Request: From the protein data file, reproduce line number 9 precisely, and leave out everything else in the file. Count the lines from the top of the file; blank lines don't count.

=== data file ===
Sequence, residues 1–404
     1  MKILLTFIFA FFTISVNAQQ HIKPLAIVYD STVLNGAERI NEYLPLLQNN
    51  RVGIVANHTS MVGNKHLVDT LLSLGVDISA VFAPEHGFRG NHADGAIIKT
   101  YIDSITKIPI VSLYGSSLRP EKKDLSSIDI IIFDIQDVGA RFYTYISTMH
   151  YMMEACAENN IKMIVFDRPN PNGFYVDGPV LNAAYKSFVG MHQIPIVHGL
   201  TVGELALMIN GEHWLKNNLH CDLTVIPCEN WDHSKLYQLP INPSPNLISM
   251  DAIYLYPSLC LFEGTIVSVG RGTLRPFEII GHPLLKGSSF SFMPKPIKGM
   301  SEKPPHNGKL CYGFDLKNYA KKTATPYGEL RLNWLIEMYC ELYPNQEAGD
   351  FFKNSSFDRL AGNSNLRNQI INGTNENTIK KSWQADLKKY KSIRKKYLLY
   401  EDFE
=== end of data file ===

   351  FFKNSSFDRL AGNSNLRNQI INGTNENTIK KSWQADLKKY KSIRKKYLLY